I'm reading
Shaking off the flies
Pass it on
Pass it on
I'm reading
Shaking off the flies
Pass it on
Pass it on
I'm reading
Shaking off the flies
Pass it on
Pass it on
Articles
30 October 2021

Shaking off the flies

How educators (and all of us) can look after our wellbeing.

Written by Benji Gersh

Behind extraordinary ideas, there are extraordinary people. Dumbo Feather is a magazine about these people.

Discussed in this Story

A herd of impala peacefully grazes the savanna as a lioness creeps stealthily through the long grass. The camera pans from the crouching lioness over to the impala at the edge of the group. We see a close-up as the impala’s ear rotates. A soft crackle is heard as the lioness contracts. Suddenly, every impala head raises. A frenzied look fills their eyes, and they bound away, leaping and darting as the lioness chases.

The impala are too fast; the lioness gives up and lies panting in the shade. When the impala finally drop their heads to graze again, their backs and legs shake, and flies jump up and land again, only to be shaken off again.

Nature documentaries fascinate me. As do the machinations of trauma. I was sitting in a lecture one day, listening to the “lion chasing impala” story for possibly the hundredth time, when the lecturer asked if anyone noticed the shaking off of flies after the chase. My interest piqued. After the impala’s stress response is triggered by the approaching lioness, their body is flushed with adrenaline and cortisol, priming it to use their muscles at maximum capacity. So when they run, they run as fast as they can. And when they’re finally safe, their body does something with the build-up of hormones. They shake – involuntarily. Shaking flushes the hormones from the body. It is the calming down after; the release of pent-up pressure and the return to a softer, more sustainable state of functioning.

Unlike the impala, we unfortunately, are often encouraged to ignore our natural impulses to shake. We push on and try to keep up. The stress hormones in our bodies build, and with nowhere to go can start to wear us down.

I have seen a lot of self-help advice on the internet. Instagram is awash with pithy statements of self-love and how to deal with stress. A lot of it is surprisingly accurate  and potentially helpful. Yet between the flooding of self-help quotes and advice exists a big gap in its implementation. I observed this gap during my time working in schools and then training school staff in trauma-informed practice, and I wondered why it was so prevalent.

The answer I have come to has informed the creation of Greater Space. Our vision is that every educator should have access to sessions with mental health experts who have lived experience of working in schools. The wonderful people who start working in education tend to do so from a values-based desire to work with young people. So why do those same people experience high rates of mental illness and low rates of job satisfaction?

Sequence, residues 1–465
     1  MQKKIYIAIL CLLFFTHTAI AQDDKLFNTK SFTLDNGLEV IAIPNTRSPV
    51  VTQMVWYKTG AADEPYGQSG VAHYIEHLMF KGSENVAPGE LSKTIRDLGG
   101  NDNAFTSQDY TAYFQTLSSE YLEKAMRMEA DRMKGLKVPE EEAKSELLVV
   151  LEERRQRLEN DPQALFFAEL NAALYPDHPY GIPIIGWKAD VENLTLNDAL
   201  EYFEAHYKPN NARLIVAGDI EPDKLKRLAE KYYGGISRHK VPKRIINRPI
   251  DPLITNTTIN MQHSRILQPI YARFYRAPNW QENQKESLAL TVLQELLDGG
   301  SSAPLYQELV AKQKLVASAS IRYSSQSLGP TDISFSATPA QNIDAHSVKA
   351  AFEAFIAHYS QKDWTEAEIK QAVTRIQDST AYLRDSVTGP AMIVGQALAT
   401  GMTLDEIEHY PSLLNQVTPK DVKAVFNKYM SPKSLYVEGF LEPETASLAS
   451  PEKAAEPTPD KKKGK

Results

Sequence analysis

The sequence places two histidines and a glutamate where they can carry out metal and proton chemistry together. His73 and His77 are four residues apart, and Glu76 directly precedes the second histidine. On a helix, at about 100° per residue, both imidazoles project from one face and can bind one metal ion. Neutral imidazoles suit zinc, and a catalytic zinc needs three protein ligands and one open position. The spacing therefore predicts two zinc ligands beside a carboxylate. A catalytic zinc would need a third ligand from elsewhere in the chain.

One part of the answer is that they don’t have access to the support that they clearly need; the same sort of mandatory support that a psychologist or mental health nurse receives in clinical supervision. By acknowledging that educators (and all professionals) are not just workers, they are people whose emotional inner lives and relational view of the world informs their work, we can radically shift the education system.

The insights that they may gain from being provided with a reflective space can be utilised to better serve their clientele. What’s good for the educator is also good for the student. This is the mission we are committed to addressing. Young people who have access to well-regulated, thoughtful and emotionally-secure educators will thrive, as will the educators themselves.

It is through experience providing this space for others that I have come up with two pieces of advice. The obvious advice we all know; the corollary to that advice is one that sometimes gets missed.

— Find someone to talk to.

If impala could talk to someone, they may not have to shake so vigorously. The stressful experiences of work can be processed with the skilful ear of a therapist.

And the parallel and slightly contradictory advice:

—  Process physically, not just cognitively.

Talking sometimes isn’t sufficient and occasionally isn’t even the best course of action. The stress we hold within our bodies can often be effectively processed through movement and breath. If you find yourself parked in front of the TV, or your desk, and stressful thoughts are spinning in your mind, the answer, sometimes, is to get yourself breathless.

Use the body’s internal systems to your advantage. If your brain needs to focus on survival, it is hard for it to also ruminate on problems. Run until you’re breathless, or do push-ups until your arms are screaming for you to stop. Dance around, skip, roll in the grass – anything that puffs you out, gets you completely worked up and then completely calmed down again.

Shaking offers an antidote to numbing and pushing on like everything is fine. It invites us into a space where there is acknowledgement of what we’re feeling, and then provides action to move it through and out of our bodies. With this intentional shaking we become like the impala and the flies. We have allowed ourselves to run from the danger our brain perceives. And from here we can drop our heads to graze again; back in our bodies, a little softer, more receptive, and better equipped to respond to our environment.

 

Benji Gersh is co-director of Greater Space. A service that supports the mental health of educators. As a counsellor and teacher, he is passionate about improving the mental wellbeing of everyone connected to our education system.

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